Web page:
These days, it seems like there's always a new data leak in the news, leading to hackers swiping your financial data, including your credit card number. From fraud and identity theft to data breaches and surveillance capitalism, our financial information faces a multitude of threats, some of which we can mitigate, and some of which we can't.
The good news is using a credit card is actually a smarter move than shopping with your debit card. That's because credit card companies offer more protection than most debit cards -- not to mention you decrease your risk of thieves getting ahold of the money in your checking or savings accounts.
Combined with conscientious shopping, smart internet awareness and a few other good habits, you can use these tools to protect your financial data. Here are some best practices to keep in mind to maximize credit card security and privacy.
10 ways to protect your credit card data
1. Determine your risk appetite
There's often a trade-off between security and convenience, so understanding the lengths you're willing to go to protect your credit card will help determine which steps are worth it to you. Maximum security requires a greater time investment on your end, so you'll want to decide how much effort you're willing to spend to keep your card safe.
If you're set on reducing the risk and hassle of fraud -- and the requisite time it requires to fix -- to the greatest extent possible, punching in an authorization code for each purchase and setting up customized alerts is your best option. If you don't want to authorize each transaction or take the time to regularly review your statements, then focus more on automated services and features offered by your card provider.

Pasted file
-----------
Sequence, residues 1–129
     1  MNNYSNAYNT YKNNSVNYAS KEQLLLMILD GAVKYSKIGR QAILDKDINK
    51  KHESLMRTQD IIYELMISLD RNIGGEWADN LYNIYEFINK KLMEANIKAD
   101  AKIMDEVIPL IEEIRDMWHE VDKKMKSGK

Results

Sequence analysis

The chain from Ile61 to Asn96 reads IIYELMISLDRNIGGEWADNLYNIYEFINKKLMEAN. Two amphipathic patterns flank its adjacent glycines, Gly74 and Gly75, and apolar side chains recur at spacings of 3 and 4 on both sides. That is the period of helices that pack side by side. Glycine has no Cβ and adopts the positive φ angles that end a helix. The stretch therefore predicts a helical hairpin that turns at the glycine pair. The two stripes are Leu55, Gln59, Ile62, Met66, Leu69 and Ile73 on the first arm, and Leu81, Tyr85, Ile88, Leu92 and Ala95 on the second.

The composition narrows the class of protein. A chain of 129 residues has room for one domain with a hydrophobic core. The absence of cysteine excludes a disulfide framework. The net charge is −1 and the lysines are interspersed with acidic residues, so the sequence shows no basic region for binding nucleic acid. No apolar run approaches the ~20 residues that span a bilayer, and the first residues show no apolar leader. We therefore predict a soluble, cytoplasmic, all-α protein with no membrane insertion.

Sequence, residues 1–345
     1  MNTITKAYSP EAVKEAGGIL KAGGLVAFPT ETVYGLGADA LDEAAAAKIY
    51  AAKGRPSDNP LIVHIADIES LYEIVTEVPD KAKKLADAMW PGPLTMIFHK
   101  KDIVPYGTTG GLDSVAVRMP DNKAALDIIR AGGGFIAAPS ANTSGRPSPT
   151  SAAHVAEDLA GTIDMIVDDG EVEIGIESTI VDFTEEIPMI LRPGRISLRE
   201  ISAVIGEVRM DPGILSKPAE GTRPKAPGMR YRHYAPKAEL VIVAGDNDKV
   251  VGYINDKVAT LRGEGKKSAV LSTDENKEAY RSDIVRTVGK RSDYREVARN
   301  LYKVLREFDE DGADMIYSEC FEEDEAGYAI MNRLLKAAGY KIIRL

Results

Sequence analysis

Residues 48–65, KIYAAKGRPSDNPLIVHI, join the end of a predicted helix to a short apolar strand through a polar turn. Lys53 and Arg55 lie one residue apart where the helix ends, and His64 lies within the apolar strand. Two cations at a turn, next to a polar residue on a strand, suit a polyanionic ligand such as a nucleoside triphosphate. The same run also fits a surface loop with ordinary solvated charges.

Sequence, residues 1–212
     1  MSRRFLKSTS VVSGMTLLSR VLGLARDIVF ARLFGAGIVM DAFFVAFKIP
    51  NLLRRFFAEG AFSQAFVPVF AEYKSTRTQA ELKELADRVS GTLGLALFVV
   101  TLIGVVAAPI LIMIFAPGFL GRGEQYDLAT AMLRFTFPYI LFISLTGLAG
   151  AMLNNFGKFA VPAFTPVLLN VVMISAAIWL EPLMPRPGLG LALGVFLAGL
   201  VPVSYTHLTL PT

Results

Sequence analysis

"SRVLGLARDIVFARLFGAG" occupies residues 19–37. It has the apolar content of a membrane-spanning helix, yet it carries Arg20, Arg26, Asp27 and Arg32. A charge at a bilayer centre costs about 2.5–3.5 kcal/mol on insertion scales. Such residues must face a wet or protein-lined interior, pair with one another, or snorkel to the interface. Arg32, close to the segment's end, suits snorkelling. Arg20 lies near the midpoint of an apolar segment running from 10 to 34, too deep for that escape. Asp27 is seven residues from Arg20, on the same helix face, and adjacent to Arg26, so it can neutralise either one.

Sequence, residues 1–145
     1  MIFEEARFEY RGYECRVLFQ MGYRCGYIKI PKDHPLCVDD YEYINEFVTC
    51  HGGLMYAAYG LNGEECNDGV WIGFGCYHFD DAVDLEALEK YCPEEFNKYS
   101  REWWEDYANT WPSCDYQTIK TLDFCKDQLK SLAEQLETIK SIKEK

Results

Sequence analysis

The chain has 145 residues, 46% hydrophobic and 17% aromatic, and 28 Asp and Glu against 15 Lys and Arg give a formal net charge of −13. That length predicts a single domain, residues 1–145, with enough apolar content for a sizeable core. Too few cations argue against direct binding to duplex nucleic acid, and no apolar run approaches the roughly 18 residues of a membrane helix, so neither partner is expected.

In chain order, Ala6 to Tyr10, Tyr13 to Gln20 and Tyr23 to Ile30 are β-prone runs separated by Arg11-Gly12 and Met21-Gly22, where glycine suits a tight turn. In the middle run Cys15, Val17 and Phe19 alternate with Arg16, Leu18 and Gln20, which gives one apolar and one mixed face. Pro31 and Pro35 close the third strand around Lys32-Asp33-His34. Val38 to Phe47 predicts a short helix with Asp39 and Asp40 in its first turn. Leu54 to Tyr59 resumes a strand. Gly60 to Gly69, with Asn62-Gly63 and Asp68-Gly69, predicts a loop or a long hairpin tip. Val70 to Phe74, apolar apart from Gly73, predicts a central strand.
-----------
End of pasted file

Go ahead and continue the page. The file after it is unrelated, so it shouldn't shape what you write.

2. Regularly review statements and transaction history
While most credit card issuers won't hold you liable for fraudulent charges, you'll need to pay attention to your spending history in order to catch charges that weren't made with your permission. We recommend reviewing your credit card activity every three to four days to ensure erroneous charges are identified as soon as possible. If that's too often for you, we recommend at minimum reviewing charges twice a month or billing cycle. Under the Fair Credit Billing Act (FCBA), you have 60 days to alert your card issuer of fraudulent charges -- if you catch charges past this window, your issuer may no longer be able to remove them, putting you on the hook for these purchases. Any longer than that and you may exceed the period during which the issuer can rectify the situation.
3. Turn on purchase notifications and activity alerts
Nothing beats reviewing your credit card activity line by line, but automated notifications come close. Some credit cards allow you to turn on notifications and alerts based on your preferences. Wells Fargo, for example, allows users to receive alerts via text, e-mail or app for ATM withdrawals, cash advances or purchases made above a specified threshold. While this level of customization isn't standard among all card issuers, a few other banks and card providers offer similar options. Just make sure your contact information is up to date so your bank isn't sending activity alerts to the wrong cell phone or email address.